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Only six students are awarded the full-tuition Presidential Scholarship at the University of Mount Union in Alliance each year, making the honor one that's hard to come by.
For the Dreger family of Rootstown, however, the once in a lifetime honor came twice as brothers Kyle, a junior computer science and English major, and Nathan, a sophomore biochemistry major, were chosen as Presidential Scholars. Kyle and Nathan are the sons of Eric, a Kent Police patrolman and Theresa, a home teaching instructor in the Rootstown Local School District who home schooled each of the couple's five children.
To be eligible for a Presidential Scholarship, students must carry an ACT score of at least 27 or a SAT score of 1220 and at least a cumulative grade point average of 3.5 or a high school rank in the top 15 percent. In addition, students must demonstrate outstanding performance during the Presidential Scholarship Competition held several times each spring.
For Kyle, Mount Union was always in his top college choices due to attending summer soccer camp on campus and knowing a number of friends and family members who attended Mount Union.
"When I would bring up Mount Union, someone's eyes would light up and they would say they or someone they knew went there," Kyle said. "There was always a really strong connection with having a good experience and going to this school."
After completing a written test and an interview on campus, Kyle began feeling more confident about what Mount Union would offer him in terms of a scholarship.
"I remember picking up the phone when I got the call that summer and being offered the Presidential Scholarship," Kyle said. "I told my mom, 'Thank you for all the effort you put into my education.'"
Nathan's path to Mount Union had a few more twists and turns than Kyle's. At the end of his junior year, he began looking at schools where he could play soccer and also offered strong academics.
"I applied to several schools and I also got all my stuff sent in to Mount Union," Nathan said. "I had seen the campus through Kyle and liked that you felt safe walking around regardless of what time of day it was."
During his senior year, Nathan was diagnosed with Crohn's Disease which took a toll on his body and changed his athletic focus. He interviewed for the Presidential Scholarship at Mount Union but still hadn't decided he was going by March.
"I wanted to see what happened and leave all my options on the table," Nathan said. "I remember my mom telling me she had no expectations of Kyle getting the Presidential Scholarship and there was no pressure on me."
When Nathan's phone call came from Mount Union, his news was a bit different. The University offered him the Trustee Scholarship, the second highest offer, and told him he was the first alternate for the Presidential Scholarship. Though this was good news, Nathan was no closer to deciding on a school.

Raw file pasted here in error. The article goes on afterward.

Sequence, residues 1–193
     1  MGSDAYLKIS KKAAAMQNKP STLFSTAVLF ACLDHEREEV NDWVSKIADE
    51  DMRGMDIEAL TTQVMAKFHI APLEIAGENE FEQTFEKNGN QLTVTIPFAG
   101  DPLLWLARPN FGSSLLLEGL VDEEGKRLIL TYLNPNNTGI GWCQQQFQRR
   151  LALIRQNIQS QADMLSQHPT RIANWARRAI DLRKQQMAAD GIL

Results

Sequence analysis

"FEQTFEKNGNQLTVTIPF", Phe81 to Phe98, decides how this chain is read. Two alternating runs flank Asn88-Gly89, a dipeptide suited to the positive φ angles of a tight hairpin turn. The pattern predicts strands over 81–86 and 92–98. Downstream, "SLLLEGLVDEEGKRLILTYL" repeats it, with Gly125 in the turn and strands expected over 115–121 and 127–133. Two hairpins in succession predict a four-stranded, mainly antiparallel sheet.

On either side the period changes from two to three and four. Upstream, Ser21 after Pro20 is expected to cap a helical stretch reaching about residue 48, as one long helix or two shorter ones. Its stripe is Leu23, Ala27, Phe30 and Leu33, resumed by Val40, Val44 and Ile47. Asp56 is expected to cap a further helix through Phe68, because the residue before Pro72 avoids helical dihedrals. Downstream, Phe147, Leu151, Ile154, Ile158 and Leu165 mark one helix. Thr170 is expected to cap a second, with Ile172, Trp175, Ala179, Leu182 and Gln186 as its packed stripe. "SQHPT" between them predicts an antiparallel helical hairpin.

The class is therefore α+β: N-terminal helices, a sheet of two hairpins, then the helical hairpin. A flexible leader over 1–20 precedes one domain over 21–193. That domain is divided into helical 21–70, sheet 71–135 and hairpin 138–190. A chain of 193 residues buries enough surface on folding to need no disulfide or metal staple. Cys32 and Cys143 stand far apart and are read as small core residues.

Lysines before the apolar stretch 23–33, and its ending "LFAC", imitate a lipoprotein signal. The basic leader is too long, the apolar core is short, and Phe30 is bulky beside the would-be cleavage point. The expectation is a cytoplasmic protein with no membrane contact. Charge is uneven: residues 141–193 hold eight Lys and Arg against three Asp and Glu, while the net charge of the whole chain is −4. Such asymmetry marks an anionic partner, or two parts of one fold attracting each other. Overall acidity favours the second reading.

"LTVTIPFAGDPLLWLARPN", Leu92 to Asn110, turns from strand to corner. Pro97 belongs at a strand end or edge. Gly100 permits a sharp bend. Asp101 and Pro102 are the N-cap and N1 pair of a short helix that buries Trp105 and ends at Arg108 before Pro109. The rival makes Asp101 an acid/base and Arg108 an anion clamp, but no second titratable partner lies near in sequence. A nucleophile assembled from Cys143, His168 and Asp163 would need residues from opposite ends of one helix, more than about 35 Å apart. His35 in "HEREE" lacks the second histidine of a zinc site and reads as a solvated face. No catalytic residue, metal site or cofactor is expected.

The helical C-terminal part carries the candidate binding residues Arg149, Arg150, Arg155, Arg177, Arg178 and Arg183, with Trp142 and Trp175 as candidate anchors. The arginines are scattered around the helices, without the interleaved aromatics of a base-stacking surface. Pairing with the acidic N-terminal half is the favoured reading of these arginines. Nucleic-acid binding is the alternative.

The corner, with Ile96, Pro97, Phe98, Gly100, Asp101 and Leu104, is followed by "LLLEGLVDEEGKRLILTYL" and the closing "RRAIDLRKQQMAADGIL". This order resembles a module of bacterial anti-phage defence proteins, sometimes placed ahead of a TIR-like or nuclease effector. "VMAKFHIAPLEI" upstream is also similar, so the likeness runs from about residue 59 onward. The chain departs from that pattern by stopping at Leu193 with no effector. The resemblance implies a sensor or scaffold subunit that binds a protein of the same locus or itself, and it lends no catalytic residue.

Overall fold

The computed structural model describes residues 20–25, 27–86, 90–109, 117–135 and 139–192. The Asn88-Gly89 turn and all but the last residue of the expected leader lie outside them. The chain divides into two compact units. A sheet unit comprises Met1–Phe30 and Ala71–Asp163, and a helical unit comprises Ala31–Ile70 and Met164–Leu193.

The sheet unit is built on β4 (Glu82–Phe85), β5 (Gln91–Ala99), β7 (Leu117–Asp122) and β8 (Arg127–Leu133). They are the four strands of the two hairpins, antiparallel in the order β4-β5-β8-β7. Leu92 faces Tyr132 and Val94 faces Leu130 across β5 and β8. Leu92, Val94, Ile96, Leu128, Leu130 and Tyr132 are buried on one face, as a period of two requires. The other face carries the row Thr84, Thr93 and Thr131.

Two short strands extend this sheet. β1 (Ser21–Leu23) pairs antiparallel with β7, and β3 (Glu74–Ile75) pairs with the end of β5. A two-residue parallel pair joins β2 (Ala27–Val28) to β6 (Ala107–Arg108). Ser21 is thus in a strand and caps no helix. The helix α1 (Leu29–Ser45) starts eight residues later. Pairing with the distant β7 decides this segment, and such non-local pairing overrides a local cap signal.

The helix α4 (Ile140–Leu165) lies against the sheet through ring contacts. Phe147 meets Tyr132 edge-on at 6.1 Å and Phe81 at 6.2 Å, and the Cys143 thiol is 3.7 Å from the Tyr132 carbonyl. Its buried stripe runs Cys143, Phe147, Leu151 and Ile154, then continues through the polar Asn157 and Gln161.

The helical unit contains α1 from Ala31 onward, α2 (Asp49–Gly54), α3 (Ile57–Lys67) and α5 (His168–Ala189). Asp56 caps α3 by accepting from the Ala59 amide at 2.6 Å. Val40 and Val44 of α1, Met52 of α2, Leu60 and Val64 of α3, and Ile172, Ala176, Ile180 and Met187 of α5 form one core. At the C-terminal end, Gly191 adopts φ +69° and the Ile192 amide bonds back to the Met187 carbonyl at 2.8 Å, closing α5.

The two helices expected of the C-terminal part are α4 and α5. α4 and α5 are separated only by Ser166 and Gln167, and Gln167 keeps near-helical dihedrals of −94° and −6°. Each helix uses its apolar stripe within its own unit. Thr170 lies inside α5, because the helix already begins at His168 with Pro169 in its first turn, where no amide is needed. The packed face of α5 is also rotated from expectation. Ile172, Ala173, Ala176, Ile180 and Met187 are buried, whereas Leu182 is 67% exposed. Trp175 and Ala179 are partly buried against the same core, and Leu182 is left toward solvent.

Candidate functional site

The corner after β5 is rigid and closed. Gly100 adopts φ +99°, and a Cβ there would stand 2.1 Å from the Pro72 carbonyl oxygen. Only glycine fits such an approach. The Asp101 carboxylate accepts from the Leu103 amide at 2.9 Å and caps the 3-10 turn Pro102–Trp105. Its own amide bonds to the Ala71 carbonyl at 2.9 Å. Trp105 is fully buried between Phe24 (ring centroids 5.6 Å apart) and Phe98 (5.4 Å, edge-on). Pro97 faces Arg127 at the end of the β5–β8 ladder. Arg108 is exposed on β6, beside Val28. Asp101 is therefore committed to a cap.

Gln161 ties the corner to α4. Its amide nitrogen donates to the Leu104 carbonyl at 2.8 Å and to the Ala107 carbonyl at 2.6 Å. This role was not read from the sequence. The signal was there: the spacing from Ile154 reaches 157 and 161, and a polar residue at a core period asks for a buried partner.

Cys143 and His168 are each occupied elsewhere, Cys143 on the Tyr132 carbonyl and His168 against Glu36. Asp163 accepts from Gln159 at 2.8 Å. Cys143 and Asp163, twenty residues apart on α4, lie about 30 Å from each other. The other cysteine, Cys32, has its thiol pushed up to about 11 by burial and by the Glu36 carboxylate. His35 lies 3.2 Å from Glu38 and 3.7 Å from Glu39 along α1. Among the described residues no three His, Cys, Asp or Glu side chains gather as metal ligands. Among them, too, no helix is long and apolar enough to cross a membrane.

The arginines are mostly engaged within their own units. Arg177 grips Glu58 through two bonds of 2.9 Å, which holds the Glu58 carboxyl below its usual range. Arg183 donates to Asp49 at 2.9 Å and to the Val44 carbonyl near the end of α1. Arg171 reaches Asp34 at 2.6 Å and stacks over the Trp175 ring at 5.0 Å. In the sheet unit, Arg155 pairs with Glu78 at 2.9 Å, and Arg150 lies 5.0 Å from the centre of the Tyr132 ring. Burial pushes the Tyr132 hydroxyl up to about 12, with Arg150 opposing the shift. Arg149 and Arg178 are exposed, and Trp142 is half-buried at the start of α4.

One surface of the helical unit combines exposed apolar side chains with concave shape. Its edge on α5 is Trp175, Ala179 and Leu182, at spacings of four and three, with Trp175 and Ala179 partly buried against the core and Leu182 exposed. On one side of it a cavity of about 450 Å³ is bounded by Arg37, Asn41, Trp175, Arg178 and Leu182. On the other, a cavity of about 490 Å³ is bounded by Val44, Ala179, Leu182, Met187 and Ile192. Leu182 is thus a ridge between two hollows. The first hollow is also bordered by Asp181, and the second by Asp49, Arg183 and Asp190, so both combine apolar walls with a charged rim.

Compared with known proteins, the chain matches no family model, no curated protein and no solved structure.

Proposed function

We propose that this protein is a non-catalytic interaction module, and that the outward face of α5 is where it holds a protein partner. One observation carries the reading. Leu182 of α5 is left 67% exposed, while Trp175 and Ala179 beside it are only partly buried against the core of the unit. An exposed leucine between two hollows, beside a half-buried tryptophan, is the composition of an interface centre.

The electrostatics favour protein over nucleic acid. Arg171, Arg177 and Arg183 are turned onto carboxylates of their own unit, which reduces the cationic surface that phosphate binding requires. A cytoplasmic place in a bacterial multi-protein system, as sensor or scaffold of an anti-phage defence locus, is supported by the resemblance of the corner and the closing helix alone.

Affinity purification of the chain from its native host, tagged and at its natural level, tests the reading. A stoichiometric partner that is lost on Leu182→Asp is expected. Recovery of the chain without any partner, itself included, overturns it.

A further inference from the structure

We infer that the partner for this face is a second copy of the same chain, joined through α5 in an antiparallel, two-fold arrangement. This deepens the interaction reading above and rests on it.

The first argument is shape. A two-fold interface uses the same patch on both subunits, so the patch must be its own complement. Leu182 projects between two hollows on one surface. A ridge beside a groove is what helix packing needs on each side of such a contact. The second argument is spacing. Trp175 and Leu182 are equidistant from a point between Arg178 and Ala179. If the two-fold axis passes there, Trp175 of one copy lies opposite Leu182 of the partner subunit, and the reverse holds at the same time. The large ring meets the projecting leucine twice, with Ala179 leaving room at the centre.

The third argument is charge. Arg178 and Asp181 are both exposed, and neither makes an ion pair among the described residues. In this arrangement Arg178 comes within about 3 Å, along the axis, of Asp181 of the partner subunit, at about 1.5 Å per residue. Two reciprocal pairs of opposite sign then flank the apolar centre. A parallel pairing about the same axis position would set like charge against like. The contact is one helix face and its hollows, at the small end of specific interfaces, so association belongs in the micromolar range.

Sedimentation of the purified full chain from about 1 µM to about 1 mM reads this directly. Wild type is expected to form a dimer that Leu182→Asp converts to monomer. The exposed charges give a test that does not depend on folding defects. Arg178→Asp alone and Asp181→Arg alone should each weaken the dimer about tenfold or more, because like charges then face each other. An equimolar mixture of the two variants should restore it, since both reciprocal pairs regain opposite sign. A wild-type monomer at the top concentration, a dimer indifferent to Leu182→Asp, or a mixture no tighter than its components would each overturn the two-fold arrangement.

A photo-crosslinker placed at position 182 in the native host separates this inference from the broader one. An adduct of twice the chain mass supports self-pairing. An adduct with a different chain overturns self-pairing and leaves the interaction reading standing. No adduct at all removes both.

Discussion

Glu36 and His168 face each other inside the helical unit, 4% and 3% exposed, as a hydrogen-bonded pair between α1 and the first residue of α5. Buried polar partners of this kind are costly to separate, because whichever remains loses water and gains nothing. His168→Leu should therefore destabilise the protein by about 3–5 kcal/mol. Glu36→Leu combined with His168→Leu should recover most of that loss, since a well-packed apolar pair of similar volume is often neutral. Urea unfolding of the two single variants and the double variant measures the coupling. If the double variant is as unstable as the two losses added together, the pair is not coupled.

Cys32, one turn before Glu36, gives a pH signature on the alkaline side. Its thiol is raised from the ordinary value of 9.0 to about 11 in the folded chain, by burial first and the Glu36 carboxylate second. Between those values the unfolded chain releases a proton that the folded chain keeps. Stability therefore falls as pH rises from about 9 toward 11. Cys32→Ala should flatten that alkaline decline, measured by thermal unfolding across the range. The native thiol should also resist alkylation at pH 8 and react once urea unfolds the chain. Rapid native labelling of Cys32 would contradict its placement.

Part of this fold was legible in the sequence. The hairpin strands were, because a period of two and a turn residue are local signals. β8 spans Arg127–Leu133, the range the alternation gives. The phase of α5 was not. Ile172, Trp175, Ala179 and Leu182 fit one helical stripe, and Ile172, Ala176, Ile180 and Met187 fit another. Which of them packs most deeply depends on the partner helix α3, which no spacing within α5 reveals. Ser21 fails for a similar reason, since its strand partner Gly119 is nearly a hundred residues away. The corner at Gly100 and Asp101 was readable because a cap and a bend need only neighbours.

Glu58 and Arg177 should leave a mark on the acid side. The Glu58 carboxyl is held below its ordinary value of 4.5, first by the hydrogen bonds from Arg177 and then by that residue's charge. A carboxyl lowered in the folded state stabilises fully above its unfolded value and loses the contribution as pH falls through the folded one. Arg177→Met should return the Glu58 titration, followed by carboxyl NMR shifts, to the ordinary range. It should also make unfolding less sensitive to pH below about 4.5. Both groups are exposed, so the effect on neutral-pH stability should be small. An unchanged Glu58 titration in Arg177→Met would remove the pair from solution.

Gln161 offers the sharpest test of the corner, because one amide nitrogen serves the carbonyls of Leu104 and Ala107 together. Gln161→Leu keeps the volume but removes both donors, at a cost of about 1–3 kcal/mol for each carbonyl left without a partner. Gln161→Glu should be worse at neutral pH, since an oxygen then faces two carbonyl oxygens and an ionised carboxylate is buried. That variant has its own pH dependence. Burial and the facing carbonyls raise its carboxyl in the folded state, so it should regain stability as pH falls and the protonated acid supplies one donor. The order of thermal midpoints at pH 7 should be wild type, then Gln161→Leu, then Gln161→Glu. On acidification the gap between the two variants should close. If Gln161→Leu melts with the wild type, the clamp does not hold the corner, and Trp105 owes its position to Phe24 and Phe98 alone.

"As my senior year wrapped up, it became more apparent that going to a smaller school was going to be the best option for me," he said. "I knew that Mount Union had a good thing going as far as biochemistry and the science fields were concerned."
At the end of May, Nathan received a call learning that someone had turned the Presidential Scholarship down and it was now his for the taking.
Both Kyle and Nathan credit their home schooling to helping prepare them for a rigorous college schedule. Due to Eric working as a police officer, his shift often changed. In order to spend more time as a family, the Dregers adjusted their school day based on when he went to work. Some years, the school day would begin at 3 p.m. and last until 11 p.m. when Eric got home from work.
Both Kyle and Nathan have found their place at Mount Union. Kyle participated in the Honors Program, is president of the Society of Computing Students, vice president of the Raider Programming Board, a member of the Raider Relief service organization and a student blogger for the Office of Marketing. Nathan works as a chemistry tutor, is a member of service fraternity Alpha Phi Omega and the American Chemical Society.
Nathan, who can solve a Rubik's cube in 45 seconds, hopes to start a Rubik's Cubing Club on campus. The two are also roommates.
"Mount Union is the only place in my life so far that when I say I have to go home, I'm actually referring to my dorm," Nathan said. "Mount Union is where you come to call home."
Both Kyle and Nathan appreciate the faculty, staff and students they have encountered on campus.
"The type of individual that comes here is not typical," Nathan said. "People are usually very friendly so that's a testimony to what this University is all about."
Kyle noted that his parents always stressed the importance of building other people up.
"You always tried to make somebody feel better, whether it be helping the kid who's not good with homework or helping someone on the soccer field," Kyle said. "We are a community building each other up. One of my dad's sayings is that it takes a village to raise a child and I realized once I got to Mount Union how very true that is. It takes a collective effort from my professors, my classmates and my friends to help me succeed. I'll be indebted to all of them forever."
Other area Presidential Scholars at Mount Union include senior biochemistry major Kyle Edwards of Atwater; senior French and German major Drew Myers of Stow and sophomore early childhood education major Sarah Briggs of Kent.